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A case study from Guyana of adapting engaged research design to promote ‘fairness in knowing’

Richard Holliman, Alessandra Marino, Ann Grand, Andrea Berardi, Jay Mistry, Deirdre Jafferally, Raquel Thomas, Grace Roberts, Carol-Ann Marcus, Indranee Roopsind, Anthony Roberts

2022 Guyana, United Kingdom

In this paper, we have combined ideas drawn from philosophy (epistemic injustice), critical theory
(epistemicide) and practical approaches (engaged research design) with Indigenous knowledge
to promote ‘fairness in knowing’ in a project called DETECT (Integrated Space Technology Vector
Control for Enhancing community health and resilience against escalating climatic disruptions), an early warning system to support communities in identifying mosquito breeding sites using satellite, drone and ground-sensing technologies. DETECT used engaged research design to inform preaward planning. We document how the project team, comprising Indigenous and other researchers, re-imagined the plans in the light of the COVID-19 pandemic to allow project participants to meet safely and equitably, and reflect on some of the key challenges in engaging across borders and cultures in the context of rapidly changing conditions characterised by vulnerability, risk, complexity and uncertainty.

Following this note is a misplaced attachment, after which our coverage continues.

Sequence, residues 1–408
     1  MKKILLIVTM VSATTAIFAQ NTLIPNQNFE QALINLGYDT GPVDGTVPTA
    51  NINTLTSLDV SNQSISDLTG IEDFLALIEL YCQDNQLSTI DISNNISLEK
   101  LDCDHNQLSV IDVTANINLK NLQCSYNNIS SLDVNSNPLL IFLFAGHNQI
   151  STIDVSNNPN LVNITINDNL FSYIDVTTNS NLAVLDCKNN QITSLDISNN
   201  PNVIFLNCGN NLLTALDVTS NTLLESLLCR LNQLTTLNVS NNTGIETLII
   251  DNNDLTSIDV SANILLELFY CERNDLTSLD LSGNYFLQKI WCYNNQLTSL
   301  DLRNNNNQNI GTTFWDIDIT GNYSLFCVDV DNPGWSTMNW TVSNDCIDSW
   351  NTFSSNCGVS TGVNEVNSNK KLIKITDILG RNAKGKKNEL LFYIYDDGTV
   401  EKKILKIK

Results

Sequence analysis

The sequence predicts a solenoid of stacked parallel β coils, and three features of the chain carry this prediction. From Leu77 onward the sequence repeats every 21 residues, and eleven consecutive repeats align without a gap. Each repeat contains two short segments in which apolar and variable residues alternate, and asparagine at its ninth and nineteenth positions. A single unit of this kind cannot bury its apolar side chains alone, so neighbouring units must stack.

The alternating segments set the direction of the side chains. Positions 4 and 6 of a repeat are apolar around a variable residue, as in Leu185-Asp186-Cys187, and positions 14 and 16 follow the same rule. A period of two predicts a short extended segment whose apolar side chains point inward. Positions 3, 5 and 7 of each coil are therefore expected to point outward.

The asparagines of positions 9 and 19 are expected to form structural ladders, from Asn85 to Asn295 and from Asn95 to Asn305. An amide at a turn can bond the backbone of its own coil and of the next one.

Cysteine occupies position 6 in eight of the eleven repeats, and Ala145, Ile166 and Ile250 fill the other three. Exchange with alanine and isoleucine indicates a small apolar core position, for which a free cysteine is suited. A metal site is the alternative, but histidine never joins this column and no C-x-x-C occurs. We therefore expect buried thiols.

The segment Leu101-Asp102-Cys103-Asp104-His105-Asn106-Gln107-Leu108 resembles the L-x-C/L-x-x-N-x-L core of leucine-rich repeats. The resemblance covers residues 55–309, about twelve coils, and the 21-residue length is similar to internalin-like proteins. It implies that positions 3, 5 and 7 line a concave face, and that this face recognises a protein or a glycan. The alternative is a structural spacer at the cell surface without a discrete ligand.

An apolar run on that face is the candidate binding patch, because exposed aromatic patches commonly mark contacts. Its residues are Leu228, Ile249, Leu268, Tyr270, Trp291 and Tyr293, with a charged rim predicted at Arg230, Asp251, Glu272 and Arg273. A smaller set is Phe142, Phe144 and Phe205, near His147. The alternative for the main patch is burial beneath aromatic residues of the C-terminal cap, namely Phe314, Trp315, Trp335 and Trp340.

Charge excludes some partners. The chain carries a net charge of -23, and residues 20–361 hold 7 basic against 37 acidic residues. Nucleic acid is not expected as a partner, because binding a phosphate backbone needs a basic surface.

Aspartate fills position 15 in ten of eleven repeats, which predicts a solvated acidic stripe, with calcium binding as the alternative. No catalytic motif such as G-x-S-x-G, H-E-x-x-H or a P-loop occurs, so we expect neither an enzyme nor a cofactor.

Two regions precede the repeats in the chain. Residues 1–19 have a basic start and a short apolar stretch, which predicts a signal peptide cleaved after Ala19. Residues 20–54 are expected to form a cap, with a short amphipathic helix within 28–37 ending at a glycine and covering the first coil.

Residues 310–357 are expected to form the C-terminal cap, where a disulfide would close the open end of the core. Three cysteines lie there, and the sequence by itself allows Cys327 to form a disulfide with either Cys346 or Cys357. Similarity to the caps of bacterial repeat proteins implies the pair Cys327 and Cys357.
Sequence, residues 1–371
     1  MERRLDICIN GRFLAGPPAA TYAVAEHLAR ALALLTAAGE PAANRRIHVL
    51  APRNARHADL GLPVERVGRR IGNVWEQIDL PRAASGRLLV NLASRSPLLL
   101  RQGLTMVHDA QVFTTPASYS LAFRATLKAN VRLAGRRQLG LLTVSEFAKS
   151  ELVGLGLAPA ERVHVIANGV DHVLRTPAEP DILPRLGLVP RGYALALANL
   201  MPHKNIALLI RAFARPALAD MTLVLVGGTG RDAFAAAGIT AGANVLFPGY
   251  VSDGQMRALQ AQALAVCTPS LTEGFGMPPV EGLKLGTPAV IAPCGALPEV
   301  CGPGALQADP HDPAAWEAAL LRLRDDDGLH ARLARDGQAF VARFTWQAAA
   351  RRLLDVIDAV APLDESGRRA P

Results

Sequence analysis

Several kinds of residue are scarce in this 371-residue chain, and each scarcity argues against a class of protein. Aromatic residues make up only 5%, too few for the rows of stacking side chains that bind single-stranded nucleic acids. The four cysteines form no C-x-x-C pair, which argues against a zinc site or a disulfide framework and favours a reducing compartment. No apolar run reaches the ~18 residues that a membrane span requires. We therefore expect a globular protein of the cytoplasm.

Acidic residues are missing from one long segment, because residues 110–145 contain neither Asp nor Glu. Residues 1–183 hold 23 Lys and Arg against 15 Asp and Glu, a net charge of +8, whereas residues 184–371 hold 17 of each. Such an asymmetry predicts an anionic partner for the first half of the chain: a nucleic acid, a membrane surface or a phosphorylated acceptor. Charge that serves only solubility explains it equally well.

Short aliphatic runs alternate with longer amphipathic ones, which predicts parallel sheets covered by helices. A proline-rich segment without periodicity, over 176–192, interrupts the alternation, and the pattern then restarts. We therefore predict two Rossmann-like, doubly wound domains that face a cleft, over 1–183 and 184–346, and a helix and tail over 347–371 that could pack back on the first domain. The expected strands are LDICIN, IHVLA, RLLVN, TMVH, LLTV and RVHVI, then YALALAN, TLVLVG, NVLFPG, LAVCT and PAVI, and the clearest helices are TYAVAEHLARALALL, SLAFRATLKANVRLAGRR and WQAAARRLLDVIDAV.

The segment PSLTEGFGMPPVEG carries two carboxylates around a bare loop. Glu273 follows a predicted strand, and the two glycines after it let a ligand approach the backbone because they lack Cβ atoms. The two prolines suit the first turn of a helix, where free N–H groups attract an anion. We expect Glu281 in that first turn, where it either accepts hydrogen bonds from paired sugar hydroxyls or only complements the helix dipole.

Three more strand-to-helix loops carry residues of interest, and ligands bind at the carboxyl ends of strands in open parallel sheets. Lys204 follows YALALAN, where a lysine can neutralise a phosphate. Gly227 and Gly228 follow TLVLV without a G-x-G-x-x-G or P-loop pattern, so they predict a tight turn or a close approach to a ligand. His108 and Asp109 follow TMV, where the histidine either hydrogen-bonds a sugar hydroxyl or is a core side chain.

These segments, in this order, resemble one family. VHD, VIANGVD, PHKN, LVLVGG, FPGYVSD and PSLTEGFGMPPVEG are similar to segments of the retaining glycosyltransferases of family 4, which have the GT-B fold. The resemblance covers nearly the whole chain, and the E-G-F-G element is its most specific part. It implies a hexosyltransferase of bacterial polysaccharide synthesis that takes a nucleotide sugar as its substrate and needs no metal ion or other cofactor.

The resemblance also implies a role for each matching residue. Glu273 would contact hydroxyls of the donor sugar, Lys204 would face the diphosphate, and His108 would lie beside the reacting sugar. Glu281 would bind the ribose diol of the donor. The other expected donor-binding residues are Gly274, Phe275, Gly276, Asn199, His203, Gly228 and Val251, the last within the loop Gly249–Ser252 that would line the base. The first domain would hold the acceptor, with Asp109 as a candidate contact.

community-based research; engaged research design; epistemic justice; epistemology;
Indigenous self-determination; international development; malaria; organisational change; planning; upstream engagement